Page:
Connect the other end using the wiring arrangement for the ECP test cable. Make sure the split conductors are long enough on one side for maneuvering in order to meet the correct pin.
It is best to use current-limiting resistors for the bidirectional data lines. Try 1KOhm (or lower) resistors. This is because there is a chance both sides will try to drive the lines at the same time. It is not good to have two low impedance output tied together. Although most new parallel port driver chips should have protection circuits built in (or have driver circuits compatible with direct output connection,) the resistors are an added insurance policy. However, with added resistors, one of the computer in my configuration could not receive bits. I'm not sure which computer is at fault (driver or receiver) but my cable works without any resistors. So if you remove the resistors, it is at your own risk.
It helps to make a table noting the colour and the pin number. Data0 to Data7 need the resistors, optionally. Note that the *Select line has two connections. You will need a jumper wire for that.
Note that this follows the ECP test cable connections in the Microsoft document, which is slightly different from a normal ECP cable connection.
|Brown||-||-||Unused||-||Keep as a spare|
Thus, the connection on one side is regular and the connection on the other side is not. This makes checking easier. On one side you check for regularity, on the other you check for the ECP cable wiring combinations.
Here are some tips for soldering, if you are new to using an iron:
Put a little bit of solder on each wire and on each pin, separately. Only a little bit of solder is needed for each pin, so that the solder forms a concave pool within the hollow of the pin. The soldering iron must heat the pin long enough for solder to flow smoothly, otherwise you will not get a nice connection. A little bit of solder flux helps.
Make sure the above step is complete before attempting to join anything. Visualizing the joins or rehearsing can also help to eliminate mistakes.
Make your own chart and check the connection chart before and after making a connection.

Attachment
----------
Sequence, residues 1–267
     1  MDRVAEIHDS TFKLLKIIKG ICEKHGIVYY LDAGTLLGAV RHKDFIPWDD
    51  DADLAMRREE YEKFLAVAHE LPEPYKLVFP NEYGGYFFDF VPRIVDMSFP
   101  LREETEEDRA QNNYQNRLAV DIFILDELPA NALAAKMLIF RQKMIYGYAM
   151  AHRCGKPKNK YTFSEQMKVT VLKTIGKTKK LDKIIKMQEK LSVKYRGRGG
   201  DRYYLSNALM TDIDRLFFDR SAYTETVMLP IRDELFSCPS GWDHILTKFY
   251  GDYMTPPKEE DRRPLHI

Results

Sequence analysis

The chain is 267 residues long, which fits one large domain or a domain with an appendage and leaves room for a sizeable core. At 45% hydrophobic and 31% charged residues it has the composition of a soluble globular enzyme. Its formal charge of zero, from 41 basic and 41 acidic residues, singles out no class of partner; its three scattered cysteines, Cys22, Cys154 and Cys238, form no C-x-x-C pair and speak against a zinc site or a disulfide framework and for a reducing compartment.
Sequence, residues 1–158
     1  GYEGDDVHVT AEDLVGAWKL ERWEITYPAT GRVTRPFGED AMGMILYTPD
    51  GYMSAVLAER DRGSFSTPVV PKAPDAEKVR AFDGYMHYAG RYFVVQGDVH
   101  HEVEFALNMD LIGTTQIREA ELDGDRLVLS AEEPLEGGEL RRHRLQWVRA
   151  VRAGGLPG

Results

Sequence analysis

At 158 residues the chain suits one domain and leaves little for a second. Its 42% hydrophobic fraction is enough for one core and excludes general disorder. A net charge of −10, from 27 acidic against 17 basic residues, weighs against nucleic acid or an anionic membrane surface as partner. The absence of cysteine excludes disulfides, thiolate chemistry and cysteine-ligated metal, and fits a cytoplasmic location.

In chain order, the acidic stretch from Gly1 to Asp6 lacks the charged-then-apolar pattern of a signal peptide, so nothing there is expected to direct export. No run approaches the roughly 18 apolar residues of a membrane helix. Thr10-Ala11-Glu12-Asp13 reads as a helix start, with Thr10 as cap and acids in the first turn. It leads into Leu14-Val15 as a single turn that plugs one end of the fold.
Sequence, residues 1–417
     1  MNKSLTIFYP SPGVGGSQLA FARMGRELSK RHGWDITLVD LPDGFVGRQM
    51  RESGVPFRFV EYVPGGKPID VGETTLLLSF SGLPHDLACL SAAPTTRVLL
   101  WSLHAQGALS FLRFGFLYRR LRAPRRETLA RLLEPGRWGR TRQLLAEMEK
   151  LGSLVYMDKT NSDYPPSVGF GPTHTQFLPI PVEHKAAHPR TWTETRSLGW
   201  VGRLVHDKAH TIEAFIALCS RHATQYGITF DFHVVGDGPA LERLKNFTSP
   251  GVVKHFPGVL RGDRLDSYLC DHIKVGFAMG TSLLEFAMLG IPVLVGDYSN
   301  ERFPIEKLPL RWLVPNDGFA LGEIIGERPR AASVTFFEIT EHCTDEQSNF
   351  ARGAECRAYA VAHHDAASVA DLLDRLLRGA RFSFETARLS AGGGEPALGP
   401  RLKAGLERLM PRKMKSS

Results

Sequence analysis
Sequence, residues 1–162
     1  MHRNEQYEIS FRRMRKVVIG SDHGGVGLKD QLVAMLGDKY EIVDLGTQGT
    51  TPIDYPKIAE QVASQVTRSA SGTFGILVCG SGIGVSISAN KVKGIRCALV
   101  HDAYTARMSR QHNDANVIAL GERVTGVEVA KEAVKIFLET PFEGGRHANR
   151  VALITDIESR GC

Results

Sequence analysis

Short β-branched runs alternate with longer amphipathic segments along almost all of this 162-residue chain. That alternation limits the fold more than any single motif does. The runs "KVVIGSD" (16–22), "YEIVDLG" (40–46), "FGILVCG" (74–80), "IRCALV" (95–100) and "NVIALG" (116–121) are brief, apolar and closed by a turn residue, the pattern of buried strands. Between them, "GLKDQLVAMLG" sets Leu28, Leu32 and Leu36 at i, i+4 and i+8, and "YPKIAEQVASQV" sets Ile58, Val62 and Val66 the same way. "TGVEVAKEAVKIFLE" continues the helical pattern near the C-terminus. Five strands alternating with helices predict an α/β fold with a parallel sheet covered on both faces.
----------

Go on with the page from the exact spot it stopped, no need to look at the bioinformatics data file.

Connecting the pins and wires should not require any extra solder. Bring the two elements together and heat them together. Push the wire into the pin's hollow when the solder melts within the hollow, then remove the iron. Hold for a few seconds while the solder cools.
Try not to leave a lot of exposed conductor beyond the pin. If there is a danger of shorting, add insulation tape after all the connections are made. Still, avoidance is better than cure.
Try not to heat the pin or the wires for too long. The insulation might melt. If you are using a low power soldering iron, avoid using a fan if you suspect the iron is not heating the parts quickly enough.
First, inspect the soldering job under a strong lamp. Look for shorts, broken connections.
Next, test the cable wiring correctness with a multimeter. Use your connection chart.
Finally, use the test program. Cable testing requires two machines, just as you would connect them in order to transfer data. Check the handshake lines first.
Lastly, do a simple communications test using the other main option of the test program. If it works, you will get an indication of your setup's data transfer performance. Your cable should now work with the data transfer program with no problems.
Do a Google search or use Parallel Port Central to get these documents if you need them. I have not put links because they might become obsolete quickly. I am indebted to everyone who have put their material online. Thanks to everyone out there.
Parallel Port Central. This is the one-stop site for parallel port related material. I used para14.zip, Beyond Logic's documents, pinout diagrams, FAQs, and the following very useful files:
ecp-dcc.zip, Denis Kondakov, ECP-DCC v.0.2, 1999. This describes the arrangement for proper ECP cable connection, which is slightly different from the Microsoft document (below).
ecp_reg.pdf, Microsoft Corporation, Extended Capabilities Port : Specifications Revision 1.06, July 14, 1993. Apparently, the connections in this document is for a test cable, which is surprising considering it is a specification document. I am no longer working on this project, so the reader is invited to check other sources.
|NFPT Program and Site Copyright © 2002,2003,2005 K.H. Man all rights reserved|